How to pre-board you new employees

  • 19-03-20
  • Richard Lloyd

To avoid attrition within the first few weeks of employment, there has been an increased focus on onboarding to ensure candidates are inducted fully into their roles as well as the company culture. However, the importance of welcoming new hires on board and keeping them engaged begins even earlier.

Pre-boarding covers the period between when a new hire accepts the offer and their first day. For candidates, this can be a “black hole” in the hiring process where they have gone from being a star applicant to someone working out a notice period with their current employer, and often there is minimal contact.

By implementing the following pre-joining engagement activities, you can keep new hires excited about becoming part of your organisation and alleviate any of their concerns to ensure they hit the ground running on their first day.


Sending through online tutorials or company inductions can help new hires get up to speed before they start. While not a mandatory requirement, you can give them the option to learn about their roles and the organisational culture in the weeks leading up to their first day, enabling them to tackle their new position with greater confidence. How-to video tutorials, Code of Conduct training, and housekeeping such as fire and emergency procedures are examples of training that can be sent to new hires in advance. Be mindful that your new recruit may be working out their notice period, so try to ensure that any reading or online tutorials are interesting and relevant to encourage completion prior to their start date.

Similarly, team training days or workshops, whether they be online or face to face (with social distancing, of course, can help a new hire integrate before they start with the company, as well as help to create a sense of belonging and understanding of the team culture in a less formal setting. Just keep in mind that the hire may have limited free time if they are still finishing up employment in their previous role and may not be able to attend these activities during work hours.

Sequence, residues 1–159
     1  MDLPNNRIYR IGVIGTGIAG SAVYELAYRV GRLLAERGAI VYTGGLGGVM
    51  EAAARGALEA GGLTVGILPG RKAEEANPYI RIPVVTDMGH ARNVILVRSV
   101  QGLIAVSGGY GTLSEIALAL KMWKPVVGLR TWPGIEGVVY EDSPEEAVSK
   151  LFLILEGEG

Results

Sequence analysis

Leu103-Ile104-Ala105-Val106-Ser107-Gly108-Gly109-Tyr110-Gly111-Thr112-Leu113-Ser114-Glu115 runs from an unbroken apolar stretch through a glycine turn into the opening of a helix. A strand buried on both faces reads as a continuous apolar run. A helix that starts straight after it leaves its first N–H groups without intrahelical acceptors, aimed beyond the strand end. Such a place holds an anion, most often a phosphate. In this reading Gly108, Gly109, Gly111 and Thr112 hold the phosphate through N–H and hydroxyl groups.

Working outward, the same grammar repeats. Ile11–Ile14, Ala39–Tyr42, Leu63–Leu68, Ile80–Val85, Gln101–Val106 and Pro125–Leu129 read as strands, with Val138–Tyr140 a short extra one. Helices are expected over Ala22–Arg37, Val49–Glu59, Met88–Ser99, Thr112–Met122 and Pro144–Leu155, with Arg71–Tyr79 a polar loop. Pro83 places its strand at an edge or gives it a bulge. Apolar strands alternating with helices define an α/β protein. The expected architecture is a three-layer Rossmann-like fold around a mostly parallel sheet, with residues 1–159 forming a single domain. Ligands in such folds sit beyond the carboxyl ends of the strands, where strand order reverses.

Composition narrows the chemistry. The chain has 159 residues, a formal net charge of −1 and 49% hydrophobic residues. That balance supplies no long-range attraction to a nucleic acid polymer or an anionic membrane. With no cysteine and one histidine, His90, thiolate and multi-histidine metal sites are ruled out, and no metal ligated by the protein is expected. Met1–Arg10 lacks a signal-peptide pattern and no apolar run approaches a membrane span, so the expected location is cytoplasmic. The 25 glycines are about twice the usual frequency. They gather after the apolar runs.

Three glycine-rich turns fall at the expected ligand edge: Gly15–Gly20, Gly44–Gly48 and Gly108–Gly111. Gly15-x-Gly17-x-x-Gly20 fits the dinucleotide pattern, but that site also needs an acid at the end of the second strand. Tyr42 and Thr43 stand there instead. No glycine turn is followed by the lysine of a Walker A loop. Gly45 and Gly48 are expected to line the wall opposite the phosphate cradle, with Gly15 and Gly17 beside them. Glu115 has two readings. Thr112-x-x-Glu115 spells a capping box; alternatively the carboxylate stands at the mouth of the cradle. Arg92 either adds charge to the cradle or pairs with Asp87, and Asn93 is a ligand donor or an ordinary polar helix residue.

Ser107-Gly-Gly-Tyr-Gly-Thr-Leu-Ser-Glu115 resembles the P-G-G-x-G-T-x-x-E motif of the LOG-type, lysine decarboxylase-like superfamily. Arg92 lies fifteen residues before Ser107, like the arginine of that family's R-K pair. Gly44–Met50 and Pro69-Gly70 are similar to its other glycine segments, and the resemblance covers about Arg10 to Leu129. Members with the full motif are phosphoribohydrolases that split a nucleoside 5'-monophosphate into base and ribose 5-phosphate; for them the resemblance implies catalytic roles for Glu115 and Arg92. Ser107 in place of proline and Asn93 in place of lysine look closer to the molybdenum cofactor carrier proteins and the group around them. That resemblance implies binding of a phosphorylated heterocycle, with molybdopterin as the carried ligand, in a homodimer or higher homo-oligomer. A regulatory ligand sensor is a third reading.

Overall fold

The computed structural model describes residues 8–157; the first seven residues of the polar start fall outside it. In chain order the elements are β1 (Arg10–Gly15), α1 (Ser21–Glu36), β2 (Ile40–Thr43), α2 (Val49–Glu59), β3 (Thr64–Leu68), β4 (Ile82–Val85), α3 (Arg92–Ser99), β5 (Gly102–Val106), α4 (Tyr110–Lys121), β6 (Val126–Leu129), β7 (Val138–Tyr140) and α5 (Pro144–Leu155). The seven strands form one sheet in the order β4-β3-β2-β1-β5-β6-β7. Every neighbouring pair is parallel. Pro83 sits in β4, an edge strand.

Getting to know the team can be a major concern for some new hires, especially when having to meet a lot of people at once on their first day. This is made even more anxious if everything has to be online. Invite your new team member along to any virtual social engagements so they can engage with core colleagues in an informal environment. Not only will they be able to identify familiar faces on their first day, but they can find out more about their new position and the dynamic of the team before they start.

If you don’t have regular team social events, maybe set up some smaller meet and greet online in lieu of a welcome lunch or after-work drinks for your new starter. This might not always be possible, so chat with the candidate about their commitments before making plans.


As part of the hiring process, your new starter will probably have broadly researched your organisation and key employees. A welcome pack helps to fill in some of the blanks in terms of their specific role, the organisation’s structure, and company culture. You could include recent copies of internal communication tools such as company newsletters, as well as up-to-date press releases and organisational and team structures.

Also, plan out their induction week and send through a schedule for their first day – or even the first week – including key meetings, social activities, and contacts. This not only shows the candidate that you are planning for their arrival but also helps them feel included.


Many candidates can be concerned about the logistics of starting a new job. A quick telephone call in the days leading up to their commencement date can be a positive reminder about the basic information such as what time to start work and what to bring on their first day.

Picking up the phone versus sending an email demonstrates a personal touch that will be appreciated by the candidate. It also allows them to ask questions to further allay any remaining fears or concerns. Finishing up with: “We are really looking forward to welcoming you to the team” goes a long way.


A planned and well-implemented process for preboarding new employees can help new hires start off on the right foot, they will hopefully be feeling welcomed, integrated, and at ease before they even start with the company.

Check out our four easy steps to onboard your new employee in the office here, or our recent blog on virtual onboarding your new accounting hire here.

For more advice about preboarding or help with your next talent search, contact our team of Sydney-based accounting recruitment specialists.